TV Review: “Another Life”

Written by Television, TV Reviews

One part “Arrival,” one part “Alien,” and three parts CW soap opera in the Netflix series, “Another Life.”

Katee Sackoff — who played Starbuck in the reboot of Battlestar Galactica — returns to space in the Netflix series, Another Life. The premise is fairly simple:  an alien probe arrives on Earth and crashes into a field somewhere in North America. Immediately, the probe starts to grow into roughly a five-story shape that looks like a bunch of rock candy piled on top of one another. Trying to determine the origins of the probe falls to Sackoff’s character, Niko Breckinridge. Niko leads a mission to the planet where the probe came from to figure out what the aliens want. On Earth, Niko’s husband Erik is a scientist who is trying to communicate with the probe to see if he can crack the communication code and determine if the aliens are friendly or hostile. Because plots are often driven by conflict, we get plenty of it in Another Life. The crew Niko commands is a group of young folks in their mid-20s who don’t know each other all that well, nor do they seem to like one another. Mostly, though, they don’t seem to like Niko — and the feeling is mutual. Niko is basically the “old person” among the crew, and the young folks tend to come off as sneering, dismissive, and sometimes kind of lazy. On Earth, it seems the problem of social media stars hasn’t ebbed one bit in this future. Selma Blair plays the influencer/journalist Harper Glass who has (as she is fond of repeating) 250 million followers. That makes her a formidable media presence during a time when the government is trying to keep information about the alien probe as quiet as possible (yeah, good luck with that). 

So, you have Niko hurtling through space with her crew in the Salvare, Niko’s husband Erik trying to communicate with the probe while Harper Glass is trying to get him to spill it regarding the information the government has. Along the way, the crew has to stop on various moons and planets to get water, food, and oxygen — which is right about the point when the show goes off the rails. For those who suffered through two Alien prequels, you know that for some reason when smart people go into space, they get dumber by the minute. And so it goes with Another Life.  The first interstellar body the ship lands on is a moon to locate oxygen after the ship suffered a lot of damage and started to lose all-important air. And while the crew has to wear space suits on the moon, we get the microbiologist, Bernie, wanting to collect soil samples. Uh-oh. Nothing good can come of that when someone wants to start digging up dirt and other goo and bring it on board the ship. Other characters take off their space helmets when a cave where they are gathering material to make oxygen is found to have a breathable atmosphere. So, them being young and dumb (and getting dumber), breath in the air without thinking “Hey, what if in that sweet, sweet air we’re inhaling, there are some unknown space viruses that are being breathed in as well?” Guess what? They do bring a virus into the ship, and it resulted in temporary blindness for Niko, rage issues for another crew member, and an Alien-inspired neck burst moment for another crew member. Do you think they learned from that incident? Nope. Off they go to another planet where another alien probe is detected. When they arrive, Bernie wears a “space condom” (his words, not mine), only to shed it moments after getting to the planet. They are assured the ship’s AI interface “William” (played by Samuel Anderson) has checked out the planet and it’s totally safe. Right. That seal of approval from their AI turns out to be unreliable as the planet proves to be just as dangerous as the previous moon.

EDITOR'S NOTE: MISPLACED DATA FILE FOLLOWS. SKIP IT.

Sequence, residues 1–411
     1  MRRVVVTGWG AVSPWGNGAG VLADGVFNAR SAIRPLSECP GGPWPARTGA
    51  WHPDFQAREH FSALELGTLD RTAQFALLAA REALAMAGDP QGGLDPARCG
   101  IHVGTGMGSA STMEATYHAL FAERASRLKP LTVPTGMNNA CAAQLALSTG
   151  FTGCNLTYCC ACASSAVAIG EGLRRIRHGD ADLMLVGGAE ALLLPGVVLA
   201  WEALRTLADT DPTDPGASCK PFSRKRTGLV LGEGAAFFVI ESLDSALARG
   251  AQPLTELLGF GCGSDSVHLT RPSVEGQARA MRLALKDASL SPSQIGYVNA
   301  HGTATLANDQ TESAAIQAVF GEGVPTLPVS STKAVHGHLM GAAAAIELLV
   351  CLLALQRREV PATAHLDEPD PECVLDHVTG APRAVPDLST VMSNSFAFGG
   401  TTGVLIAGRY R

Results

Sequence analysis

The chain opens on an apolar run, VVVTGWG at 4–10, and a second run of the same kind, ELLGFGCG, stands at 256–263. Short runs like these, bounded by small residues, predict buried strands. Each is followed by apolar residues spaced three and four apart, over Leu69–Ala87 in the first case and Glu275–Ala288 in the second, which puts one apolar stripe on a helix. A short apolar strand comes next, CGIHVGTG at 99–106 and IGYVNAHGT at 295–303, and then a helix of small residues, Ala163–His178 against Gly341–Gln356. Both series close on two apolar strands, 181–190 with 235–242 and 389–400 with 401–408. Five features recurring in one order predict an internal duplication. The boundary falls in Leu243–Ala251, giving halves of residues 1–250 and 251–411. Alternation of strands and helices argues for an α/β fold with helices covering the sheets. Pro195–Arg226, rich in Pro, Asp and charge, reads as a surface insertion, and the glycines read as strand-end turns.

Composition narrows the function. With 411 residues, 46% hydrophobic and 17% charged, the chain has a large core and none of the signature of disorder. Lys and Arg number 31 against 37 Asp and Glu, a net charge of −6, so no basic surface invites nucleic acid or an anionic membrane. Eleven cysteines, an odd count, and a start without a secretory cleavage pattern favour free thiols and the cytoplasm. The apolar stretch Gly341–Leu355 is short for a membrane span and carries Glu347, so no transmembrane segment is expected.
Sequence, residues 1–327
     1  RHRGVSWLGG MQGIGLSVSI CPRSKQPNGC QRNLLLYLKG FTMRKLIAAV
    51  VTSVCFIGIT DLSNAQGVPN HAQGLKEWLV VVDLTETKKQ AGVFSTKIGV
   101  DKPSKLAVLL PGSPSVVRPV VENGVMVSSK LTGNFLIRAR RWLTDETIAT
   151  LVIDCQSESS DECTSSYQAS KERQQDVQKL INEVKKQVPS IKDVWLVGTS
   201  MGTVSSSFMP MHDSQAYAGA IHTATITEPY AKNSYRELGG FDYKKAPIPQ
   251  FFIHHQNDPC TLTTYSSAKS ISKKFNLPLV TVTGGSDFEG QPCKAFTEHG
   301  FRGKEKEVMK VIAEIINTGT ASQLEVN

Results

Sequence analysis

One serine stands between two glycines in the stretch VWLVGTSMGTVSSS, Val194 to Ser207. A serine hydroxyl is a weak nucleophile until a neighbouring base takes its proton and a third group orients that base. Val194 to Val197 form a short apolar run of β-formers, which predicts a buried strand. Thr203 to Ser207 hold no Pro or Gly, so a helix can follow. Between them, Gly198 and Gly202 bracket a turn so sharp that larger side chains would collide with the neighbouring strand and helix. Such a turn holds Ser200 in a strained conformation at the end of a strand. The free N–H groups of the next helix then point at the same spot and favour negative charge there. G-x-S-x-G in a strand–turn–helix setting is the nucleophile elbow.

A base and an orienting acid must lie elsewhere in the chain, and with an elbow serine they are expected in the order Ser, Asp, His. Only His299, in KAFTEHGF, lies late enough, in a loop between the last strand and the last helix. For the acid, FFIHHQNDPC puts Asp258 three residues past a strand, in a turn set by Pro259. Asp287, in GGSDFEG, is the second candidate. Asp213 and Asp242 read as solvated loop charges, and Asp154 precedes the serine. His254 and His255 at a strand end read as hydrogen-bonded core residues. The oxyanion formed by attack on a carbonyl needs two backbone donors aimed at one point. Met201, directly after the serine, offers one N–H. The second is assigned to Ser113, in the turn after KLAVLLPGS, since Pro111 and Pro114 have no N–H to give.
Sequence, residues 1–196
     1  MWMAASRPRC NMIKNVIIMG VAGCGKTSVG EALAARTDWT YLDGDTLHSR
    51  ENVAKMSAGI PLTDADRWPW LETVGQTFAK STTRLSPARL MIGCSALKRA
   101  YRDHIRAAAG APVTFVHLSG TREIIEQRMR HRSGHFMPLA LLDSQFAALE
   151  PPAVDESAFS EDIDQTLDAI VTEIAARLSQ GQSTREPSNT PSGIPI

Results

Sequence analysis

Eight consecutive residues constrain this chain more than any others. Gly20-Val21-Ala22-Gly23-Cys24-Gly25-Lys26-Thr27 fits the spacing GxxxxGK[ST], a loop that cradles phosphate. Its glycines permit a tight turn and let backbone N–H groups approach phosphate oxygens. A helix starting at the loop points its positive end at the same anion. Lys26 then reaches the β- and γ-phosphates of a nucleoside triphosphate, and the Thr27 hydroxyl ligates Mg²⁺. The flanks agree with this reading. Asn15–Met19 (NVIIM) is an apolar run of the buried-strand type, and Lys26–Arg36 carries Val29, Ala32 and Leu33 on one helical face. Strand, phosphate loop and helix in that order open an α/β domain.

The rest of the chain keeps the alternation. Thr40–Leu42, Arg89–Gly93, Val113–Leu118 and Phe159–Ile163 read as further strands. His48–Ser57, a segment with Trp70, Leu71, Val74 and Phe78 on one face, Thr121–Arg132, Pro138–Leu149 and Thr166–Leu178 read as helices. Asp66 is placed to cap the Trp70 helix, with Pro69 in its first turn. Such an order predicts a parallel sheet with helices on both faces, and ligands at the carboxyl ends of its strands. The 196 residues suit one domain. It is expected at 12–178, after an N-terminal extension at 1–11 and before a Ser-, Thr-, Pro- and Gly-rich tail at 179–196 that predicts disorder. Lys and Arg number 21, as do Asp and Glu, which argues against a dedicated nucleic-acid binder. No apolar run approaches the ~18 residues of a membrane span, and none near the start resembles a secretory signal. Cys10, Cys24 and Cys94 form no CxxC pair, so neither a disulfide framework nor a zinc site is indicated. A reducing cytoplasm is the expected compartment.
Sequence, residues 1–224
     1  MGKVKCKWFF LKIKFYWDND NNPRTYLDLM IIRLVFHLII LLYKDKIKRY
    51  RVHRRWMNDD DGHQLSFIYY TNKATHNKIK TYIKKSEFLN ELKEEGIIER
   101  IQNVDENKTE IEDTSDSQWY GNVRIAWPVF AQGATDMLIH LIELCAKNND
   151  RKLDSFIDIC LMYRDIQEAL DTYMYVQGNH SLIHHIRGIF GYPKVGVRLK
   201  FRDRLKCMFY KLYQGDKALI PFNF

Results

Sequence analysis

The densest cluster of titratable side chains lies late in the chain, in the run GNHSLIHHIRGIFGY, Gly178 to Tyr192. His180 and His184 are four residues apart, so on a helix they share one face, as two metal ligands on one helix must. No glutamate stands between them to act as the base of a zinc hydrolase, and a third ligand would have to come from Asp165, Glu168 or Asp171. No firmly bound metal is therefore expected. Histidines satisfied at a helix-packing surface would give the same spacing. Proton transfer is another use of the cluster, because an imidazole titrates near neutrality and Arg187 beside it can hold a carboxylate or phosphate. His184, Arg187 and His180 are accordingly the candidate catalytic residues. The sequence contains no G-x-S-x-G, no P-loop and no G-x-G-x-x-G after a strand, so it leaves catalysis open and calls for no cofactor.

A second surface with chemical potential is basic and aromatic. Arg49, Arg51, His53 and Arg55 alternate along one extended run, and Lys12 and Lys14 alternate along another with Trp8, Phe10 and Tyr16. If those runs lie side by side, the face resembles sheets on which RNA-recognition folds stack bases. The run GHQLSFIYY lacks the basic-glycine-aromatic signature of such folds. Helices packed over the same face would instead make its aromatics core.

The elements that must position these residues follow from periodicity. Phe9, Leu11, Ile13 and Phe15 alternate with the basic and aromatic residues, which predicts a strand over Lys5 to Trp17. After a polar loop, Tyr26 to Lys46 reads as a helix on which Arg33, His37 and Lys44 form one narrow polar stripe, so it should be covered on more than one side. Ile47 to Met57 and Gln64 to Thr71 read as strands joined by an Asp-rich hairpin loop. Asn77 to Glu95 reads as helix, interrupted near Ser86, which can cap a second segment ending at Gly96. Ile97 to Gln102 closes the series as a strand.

The moral of the story thus far seems to be:  people don’t learn.

Part of the problem with Another Life is that it’s not sure if it’s a science fiction show about space travel and first contact, or if it’s a CW soap opera. Too often there are moments where the adventure of the show gives way to who is hooking up with who, who feels jealous, spurned, in love, etc. Such whip-saw moments happen in each episode that one wonders if the blooper reel for Another Life is full of actors asking:  “Who wrote this shit?” It’s not that Another Life is completely horrible. Rather, any potential it has to add to the genre is squandered with a lack of focus, recycling scenarios from other, better science fiction films and TV shows, and a cliffhanger ending that makes one wonder if it’s even worth a second season. 

Another Life is streaming on Netflix